CILIPS Chartered Institute of Library and Information Professionals in Scotland
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#LibrariesAreEssential to Health and Wellbeing

Category: #LibrariesAreEssential, Blog, News

by Dr Alyson Tyler, freelance researcher with research interests in libraries, digital media, publishing, culture and wellbeing.

A person borrows a couple of library books on crafts and knitting. The library staff member issuing the books offers them a leaflet about the ‘Knit & Natter’ group that meets fortnightly in the library. The person decides to attend. Fast forward several months and they tell the library staff that the group is fantastic, that it’s made a huge difference to their wellbeing, that it lifts their mood when they attend, and they feel less lonely as a result. For them, it is an essential activity.

Anecdotes like this happen all the time, but are difficult to capture and evaluate. Yet they show how libraries contribute towards improving people’s health and wellbeing: it’s often by stealth (it’s a Knit and Natter club, not a health clinic), and it’s often on very limited resources.

a heart sewn from red and burgundy thread, with a box of multicoloured threads beside it

Library staff know from anecdotal evidence, and from more formal data gathering methods, that their more obvious health and wellbeing activities/services, such as books on prescription, bibliotherapy and signposting to health resources, and the less obvious ones e.g. chatty cafes, reminiscence resources, or teen game clubs, affect how people feel physically and mentally. Indeed, reading on its own has also been found to improve people’s feelings of wellbeing.

This impact is due to a variety of reasons: the people (staff and interacting with other members of the public), the place, and the activity, service or resource itself. It can impact someone’s health and wellbeing in a variety of areas, such as:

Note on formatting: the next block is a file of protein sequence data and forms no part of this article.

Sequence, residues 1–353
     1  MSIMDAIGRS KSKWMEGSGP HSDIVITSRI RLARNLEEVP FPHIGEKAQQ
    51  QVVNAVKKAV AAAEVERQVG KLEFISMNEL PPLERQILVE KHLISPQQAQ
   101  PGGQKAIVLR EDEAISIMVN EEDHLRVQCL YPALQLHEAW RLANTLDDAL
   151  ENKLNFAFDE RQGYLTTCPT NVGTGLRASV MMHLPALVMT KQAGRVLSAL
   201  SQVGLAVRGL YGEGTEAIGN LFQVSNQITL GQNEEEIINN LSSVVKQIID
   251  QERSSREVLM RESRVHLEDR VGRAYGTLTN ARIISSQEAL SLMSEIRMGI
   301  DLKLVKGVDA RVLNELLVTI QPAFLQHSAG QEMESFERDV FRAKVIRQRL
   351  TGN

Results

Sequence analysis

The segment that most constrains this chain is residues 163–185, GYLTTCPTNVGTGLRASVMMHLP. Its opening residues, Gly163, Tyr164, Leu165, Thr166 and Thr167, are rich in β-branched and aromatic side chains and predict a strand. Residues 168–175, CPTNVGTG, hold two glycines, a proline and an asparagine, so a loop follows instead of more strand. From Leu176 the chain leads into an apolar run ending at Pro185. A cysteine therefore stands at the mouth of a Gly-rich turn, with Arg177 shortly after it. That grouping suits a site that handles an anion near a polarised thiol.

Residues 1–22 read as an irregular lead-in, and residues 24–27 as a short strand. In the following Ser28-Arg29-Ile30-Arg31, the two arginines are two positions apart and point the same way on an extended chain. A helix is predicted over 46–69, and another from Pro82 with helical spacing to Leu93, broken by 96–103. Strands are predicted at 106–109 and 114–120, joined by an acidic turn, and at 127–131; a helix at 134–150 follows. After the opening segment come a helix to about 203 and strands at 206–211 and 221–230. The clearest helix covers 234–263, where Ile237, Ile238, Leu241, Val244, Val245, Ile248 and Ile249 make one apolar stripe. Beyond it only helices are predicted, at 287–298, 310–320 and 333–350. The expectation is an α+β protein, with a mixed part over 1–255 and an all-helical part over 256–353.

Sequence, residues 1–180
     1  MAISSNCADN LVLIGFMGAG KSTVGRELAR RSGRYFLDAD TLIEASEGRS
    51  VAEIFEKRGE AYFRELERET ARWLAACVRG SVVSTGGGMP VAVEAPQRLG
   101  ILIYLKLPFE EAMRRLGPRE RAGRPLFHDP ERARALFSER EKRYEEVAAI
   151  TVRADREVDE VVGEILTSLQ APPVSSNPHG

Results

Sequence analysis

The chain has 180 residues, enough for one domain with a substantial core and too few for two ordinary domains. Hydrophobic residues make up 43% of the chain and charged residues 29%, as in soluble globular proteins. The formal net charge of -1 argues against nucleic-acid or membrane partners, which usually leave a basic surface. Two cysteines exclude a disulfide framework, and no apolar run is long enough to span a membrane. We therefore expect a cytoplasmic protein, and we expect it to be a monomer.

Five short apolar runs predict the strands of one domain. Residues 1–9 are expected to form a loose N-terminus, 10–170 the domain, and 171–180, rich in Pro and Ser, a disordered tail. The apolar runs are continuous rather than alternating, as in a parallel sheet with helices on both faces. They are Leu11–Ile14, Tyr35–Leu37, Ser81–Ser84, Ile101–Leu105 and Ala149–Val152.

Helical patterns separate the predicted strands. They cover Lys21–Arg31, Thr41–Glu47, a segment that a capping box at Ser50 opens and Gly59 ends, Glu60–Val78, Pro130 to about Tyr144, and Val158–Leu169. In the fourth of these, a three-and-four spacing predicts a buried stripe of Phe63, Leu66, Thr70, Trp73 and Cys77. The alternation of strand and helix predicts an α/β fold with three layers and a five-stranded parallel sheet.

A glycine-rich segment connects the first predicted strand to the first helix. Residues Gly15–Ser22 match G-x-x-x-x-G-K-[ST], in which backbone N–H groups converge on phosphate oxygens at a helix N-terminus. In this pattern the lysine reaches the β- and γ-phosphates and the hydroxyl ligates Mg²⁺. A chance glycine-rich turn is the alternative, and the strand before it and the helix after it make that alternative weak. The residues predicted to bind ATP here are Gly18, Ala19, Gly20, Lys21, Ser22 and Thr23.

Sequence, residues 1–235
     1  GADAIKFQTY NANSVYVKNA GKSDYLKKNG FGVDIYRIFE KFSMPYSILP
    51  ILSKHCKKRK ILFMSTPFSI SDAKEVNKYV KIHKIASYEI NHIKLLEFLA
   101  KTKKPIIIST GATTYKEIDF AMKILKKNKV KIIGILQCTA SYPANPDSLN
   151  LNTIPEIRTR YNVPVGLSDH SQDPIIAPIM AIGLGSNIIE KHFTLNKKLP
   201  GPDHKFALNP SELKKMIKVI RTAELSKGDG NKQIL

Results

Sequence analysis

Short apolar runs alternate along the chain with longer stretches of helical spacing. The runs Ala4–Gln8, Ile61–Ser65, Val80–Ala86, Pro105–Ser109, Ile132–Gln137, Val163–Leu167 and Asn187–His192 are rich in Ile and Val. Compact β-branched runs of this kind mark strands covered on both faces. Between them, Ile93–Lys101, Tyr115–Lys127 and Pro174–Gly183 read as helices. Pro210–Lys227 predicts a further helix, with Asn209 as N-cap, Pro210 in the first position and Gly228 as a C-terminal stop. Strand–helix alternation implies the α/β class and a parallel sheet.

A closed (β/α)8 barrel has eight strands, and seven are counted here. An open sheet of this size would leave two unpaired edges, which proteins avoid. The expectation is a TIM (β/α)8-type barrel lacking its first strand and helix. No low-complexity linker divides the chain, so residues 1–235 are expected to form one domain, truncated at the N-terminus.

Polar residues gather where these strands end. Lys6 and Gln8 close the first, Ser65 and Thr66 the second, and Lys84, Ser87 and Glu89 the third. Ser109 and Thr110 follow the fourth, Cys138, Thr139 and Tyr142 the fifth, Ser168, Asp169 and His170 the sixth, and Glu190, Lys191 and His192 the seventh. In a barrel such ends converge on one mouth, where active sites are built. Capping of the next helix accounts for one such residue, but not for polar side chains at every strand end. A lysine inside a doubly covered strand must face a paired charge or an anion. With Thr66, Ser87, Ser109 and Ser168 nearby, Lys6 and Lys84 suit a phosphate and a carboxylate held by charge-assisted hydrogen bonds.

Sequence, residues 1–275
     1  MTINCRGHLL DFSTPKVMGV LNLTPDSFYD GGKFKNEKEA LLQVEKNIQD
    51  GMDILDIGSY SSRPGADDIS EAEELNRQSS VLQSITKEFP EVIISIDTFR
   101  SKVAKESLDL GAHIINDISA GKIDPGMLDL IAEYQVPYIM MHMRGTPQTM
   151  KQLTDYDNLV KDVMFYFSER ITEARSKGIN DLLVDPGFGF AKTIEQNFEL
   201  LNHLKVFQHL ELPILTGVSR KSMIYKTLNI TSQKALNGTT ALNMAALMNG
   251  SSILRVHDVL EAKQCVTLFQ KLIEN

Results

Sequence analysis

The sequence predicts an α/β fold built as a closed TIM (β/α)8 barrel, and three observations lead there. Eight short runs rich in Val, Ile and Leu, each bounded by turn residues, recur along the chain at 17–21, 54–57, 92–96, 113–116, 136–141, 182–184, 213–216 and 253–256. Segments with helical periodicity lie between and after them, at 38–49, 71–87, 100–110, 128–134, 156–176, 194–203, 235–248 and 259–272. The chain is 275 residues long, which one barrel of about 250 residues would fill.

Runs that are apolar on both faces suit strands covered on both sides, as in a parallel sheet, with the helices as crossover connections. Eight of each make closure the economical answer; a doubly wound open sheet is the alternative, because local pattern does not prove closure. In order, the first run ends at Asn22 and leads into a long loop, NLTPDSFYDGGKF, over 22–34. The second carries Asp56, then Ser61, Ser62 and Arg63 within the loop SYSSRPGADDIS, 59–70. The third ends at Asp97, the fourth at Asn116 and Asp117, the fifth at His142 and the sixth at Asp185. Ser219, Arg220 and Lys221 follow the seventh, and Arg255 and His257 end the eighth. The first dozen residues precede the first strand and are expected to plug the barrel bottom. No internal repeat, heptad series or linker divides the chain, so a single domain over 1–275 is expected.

• mental health
  • loneliness and/or social isolation
  • long-term health condition such as cancer and dementia
  • overall sense of wellbeing (being well)
  • confidence and self-esteem
  • sense of community
  • health information literacy skills
  • ability to self-manage
four people smiling in a library, holding up a prize and wearing Alzheimers Scotland tee-shirts.

A murder mystery at Stornoway Library in aid of Alzheimer Scotland, 2019.

A member of a creative bibliotherapy group delivered by Midlothian libraries said the project helped them through ‘meeting others’. ‘At my lowest point,’ the person noted, ‘they were often the only people I spoke to during the week other than my partner.” (Quote from the Midlothian Libraries ‘Braw Blether Creative Bibliotherapy’ evaluation, referenced in the Health on the Shelf report.)

Can we put a price or value on this impact? Does a monetary figure reaffirm how essential library health and wellbeing activities are? Researchers in England used several economic techniques to find that use of public libraries was associated with higher personal wellbeing ratings and financial savings through fewer GP visits. They calculated that library members could save NHS England £1.32 per person per year. By extension, the recent Health of the Shelf report calculated that public library members in Scotland are potentially saving NHS Scotland £3.2m every year.

The Health of the Shelf report also sought to capture the huge range of activities, services and resources that contribute towards the health and wellbeing offer from public libraries in Scotland, with an extensive and not exhaustive A to Z list of examples showing what’s available.

And it’s not just public libraries. School, college, university and health libraries also are essential to their users’ health and wellbeing in similar ways, such as zoned sections of the space e.g. for quiet time or group activities, and targeted health collections to help students manage with exam and study stress, as well as personal and social issues.

The Health of the Shelf report provides a detailed look at this important topic and references a wide range of published research from Scotland, the UK and beyond. The health and wellbeing offer from public libraries complements medical provision and is part of a whole system approach to health and wellbeing: libraries are an essential part of the public health agenda.


For more on the essential contribution that libraries make to health and wellbeing in Scotland, click here for our evidence bank.

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